Continue north, aiming now for a Mediterranean experience. Round Pond in Rutherford has been producing artisan olive oils from its family-owned estate for two generations. Everything is hand-harvested, blended and bottled, though the stone mill is state-of-the-art. Plan a tour that culminates in a tasting of their Italian and Spanish varietals including organic blood orange and Meyer lemon; then, try the oils with food pairings. Or, book an intimate lunch featuring gourmet cheeses, charcuterie, bread, seasonal produce from the gardens and the highlight: an olive oil dessert cake. Round Pond recently launched a winery with sweeping 360 degree views; tasting their estate cabernet and nebbiolo can be integrated into your visit.

Other casual lunch options include Oakville Grocery, circa 1881. It's usually elbow room only as would-be picnickers peruse the fantastic cheese and deli cases and nibble tooth picked bites of this and that. The aged cheddar and oven-roasted pressed Panini satisfies your deepest yearnings. A bit farther up the road, the Dean & Deluca gourmet marketplace serves a similar purpose. Or consider retro Gott's Roadside Tray Gourmet in St. Helena for a burger and shake; no greasy spoon, this popular walk-up puts a Napa spin on fast food, whether a classic bacon cheeseburger or a seared rare ahi burger with wasabi mayo.

There's room for at least one more winery before check-in time. Keep heading north on Highway 29 and look for Castello di Amorosa's driveway. As you pull in, you might need to blink—as a 121,000 square foot medieval-style castle materializes. This is no cheesy Vegas rendition—it's a fourteen-year meticulous labor of love by winemaker Daryl Sattui who dreamed of Shangri-La. His version has a moat, drawbridge, dungeons, torture chamber, gargoyles, a labyrinth of passageways, frescoes, turrets and an underground wine cellar. The tour ends with a tasting, naturally.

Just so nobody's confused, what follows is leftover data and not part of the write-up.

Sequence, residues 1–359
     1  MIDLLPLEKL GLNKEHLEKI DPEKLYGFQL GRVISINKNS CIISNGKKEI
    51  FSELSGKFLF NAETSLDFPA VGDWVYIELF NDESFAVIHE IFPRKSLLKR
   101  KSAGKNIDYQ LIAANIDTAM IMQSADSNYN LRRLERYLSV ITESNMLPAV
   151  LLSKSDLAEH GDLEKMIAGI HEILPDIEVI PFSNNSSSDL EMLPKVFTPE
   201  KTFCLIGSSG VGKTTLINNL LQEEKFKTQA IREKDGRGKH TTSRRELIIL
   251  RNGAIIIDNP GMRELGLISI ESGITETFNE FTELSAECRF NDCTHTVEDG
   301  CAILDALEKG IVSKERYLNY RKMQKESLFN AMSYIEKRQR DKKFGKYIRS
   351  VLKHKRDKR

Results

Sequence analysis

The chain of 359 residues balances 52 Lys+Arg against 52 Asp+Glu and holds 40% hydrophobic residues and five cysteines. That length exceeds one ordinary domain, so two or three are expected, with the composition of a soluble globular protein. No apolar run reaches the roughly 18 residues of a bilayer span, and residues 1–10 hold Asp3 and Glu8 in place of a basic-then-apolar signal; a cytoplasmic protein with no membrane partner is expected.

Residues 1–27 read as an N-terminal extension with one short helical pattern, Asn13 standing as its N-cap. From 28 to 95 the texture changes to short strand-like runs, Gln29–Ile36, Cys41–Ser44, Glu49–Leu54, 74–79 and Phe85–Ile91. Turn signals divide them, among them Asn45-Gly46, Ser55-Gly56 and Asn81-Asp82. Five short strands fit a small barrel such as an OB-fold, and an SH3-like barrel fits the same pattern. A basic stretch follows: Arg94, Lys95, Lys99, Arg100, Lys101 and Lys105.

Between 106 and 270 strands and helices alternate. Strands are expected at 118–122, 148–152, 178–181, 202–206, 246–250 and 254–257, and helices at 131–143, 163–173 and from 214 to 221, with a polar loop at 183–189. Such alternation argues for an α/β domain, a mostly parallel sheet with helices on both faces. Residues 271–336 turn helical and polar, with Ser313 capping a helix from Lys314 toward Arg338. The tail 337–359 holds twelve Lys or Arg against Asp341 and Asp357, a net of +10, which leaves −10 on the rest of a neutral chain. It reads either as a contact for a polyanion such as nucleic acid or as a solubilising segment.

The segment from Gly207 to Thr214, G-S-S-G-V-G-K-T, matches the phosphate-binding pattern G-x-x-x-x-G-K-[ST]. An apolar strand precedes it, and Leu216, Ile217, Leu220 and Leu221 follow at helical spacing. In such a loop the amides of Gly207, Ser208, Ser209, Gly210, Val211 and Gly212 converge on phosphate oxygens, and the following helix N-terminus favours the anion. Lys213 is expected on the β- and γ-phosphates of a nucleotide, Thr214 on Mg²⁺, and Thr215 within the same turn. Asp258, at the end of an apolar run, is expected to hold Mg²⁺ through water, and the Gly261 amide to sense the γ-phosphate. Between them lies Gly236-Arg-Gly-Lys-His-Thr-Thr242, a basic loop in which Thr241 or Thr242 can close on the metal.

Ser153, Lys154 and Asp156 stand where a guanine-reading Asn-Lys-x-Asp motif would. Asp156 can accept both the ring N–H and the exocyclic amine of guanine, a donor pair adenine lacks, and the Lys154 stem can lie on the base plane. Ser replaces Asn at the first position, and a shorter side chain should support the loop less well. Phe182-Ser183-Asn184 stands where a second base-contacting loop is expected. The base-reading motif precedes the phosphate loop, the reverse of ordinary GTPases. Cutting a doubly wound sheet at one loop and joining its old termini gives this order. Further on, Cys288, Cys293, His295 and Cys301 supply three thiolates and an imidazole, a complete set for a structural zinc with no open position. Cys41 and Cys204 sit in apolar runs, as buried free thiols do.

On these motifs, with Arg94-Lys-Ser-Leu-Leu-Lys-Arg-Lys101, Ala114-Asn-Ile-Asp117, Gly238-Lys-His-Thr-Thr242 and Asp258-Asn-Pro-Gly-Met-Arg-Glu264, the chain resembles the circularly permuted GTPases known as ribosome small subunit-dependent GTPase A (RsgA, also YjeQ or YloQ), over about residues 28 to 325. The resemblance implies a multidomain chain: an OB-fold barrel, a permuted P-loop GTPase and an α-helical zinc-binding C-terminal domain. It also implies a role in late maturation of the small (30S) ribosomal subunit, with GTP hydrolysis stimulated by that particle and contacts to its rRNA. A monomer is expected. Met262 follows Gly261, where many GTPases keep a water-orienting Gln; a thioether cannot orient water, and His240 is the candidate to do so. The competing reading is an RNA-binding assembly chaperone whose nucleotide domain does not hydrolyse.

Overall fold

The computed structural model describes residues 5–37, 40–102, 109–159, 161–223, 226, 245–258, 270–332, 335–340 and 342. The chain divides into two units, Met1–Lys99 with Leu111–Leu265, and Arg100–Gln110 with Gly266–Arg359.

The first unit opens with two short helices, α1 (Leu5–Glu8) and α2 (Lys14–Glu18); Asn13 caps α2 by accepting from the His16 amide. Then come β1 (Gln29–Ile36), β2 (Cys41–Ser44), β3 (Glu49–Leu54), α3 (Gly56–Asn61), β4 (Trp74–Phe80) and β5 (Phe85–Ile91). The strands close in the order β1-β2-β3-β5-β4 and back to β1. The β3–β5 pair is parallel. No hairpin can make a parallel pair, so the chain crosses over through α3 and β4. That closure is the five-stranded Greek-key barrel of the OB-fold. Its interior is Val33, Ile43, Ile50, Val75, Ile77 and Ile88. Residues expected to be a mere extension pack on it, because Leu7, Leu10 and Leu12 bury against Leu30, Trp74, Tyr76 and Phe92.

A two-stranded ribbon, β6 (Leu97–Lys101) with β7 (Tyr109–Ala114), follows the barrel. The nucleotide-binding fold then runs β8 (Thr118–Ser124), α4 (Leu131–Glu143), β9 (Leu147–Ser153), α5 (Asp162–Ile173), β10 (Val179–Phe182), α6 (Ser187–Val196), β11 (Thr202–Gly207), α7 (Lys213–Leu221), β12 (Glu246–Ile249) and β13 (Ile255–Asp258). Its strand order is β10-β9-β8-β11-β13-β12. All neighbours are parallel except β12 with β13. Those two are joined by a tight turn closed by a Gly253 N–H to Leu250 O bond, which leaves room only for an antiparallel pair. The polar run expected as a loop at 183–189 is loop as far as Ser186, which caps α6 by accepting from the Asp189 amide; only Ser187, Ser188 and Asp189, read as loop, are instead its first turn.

It's time to take the quick cross back to Silverado Trail to unpack and unwind. Auberge du Soleil is the superlative resort choice in the valley – and one of the most sublime sleeps anywhere in the world. It's a destination in itself. Terraced cottages dot the property, an olive grove tucked into a hillside of oaks and pines. Mature oleanders, pampas grass, palms, sage and countless other flowers and trees blend naturally into the terrain, which also includes trails meandering past sculpture gardens and vineyards. Accommodations feature custom-dyed bedcovers, plush lounges, bold modern canvases, wide French oak-planked floors, plasma TVs, a thoughtfully stocked Subzero fridge (all goodies complimentary), fireplace and French doors that open up to a secluded deck and the sound of quail calls. Put out the "resting" plaque until dinnertime.

Cook's, a local's nook for Northern Italian cuisine in Napa Valley
Cook's a local's nook for Northern Italian cuisine

Alternatively, the pool, with sundeck and valley panorama, may beckon. Consider a cocktail there by the lotus fountain, as milk white drapes billow over your woven sofa padded in colors of saffron, yams and dragon fruit. Or indulge in a spa treatment. The Auberge spa offers themed treatments (with essences from vineyard grapes, garden herbs and flowers, grove olives or valley mud and minerals). A rhythmic water massage may be just what you need to find your inner calm.

There are lovely, less extravagant lodging choices throughout the valley, still within reach of the vines (Blackbird Inn, Milliken Creek Inn or Napa River Inn in the town of Napa; Lavender, Oleander House or Vintage Inn in Yountville; Harvest Inn in St. Helena; Chateau de Vie B&B & Vineyards in Calistoga). And even without an ooh-la-la spa-resort stay, you can still book decadent treatments at Health Spa Napa Valley in St. Helena.

Once rejuvenated, cap your day with dinner at Redd in Yountville. The restaurant's streamlined and sleek modernist décor echoes the pristine flavors and ingredients of the inventive, urbane cuisine. Or get a taste of über-chef Thomas Keller's food at Ad Hoc, where he offers a single, casual three-course prix-fixe meal du jour.

MORE NAPA VALLEY INFORMATION

Grape Vines in Napa Valley

* Vineyards sunset image by Chip Morton courtesy of the Temecula Valley Convention and Visitors Bureau

(Updated: 05/28/13 NW)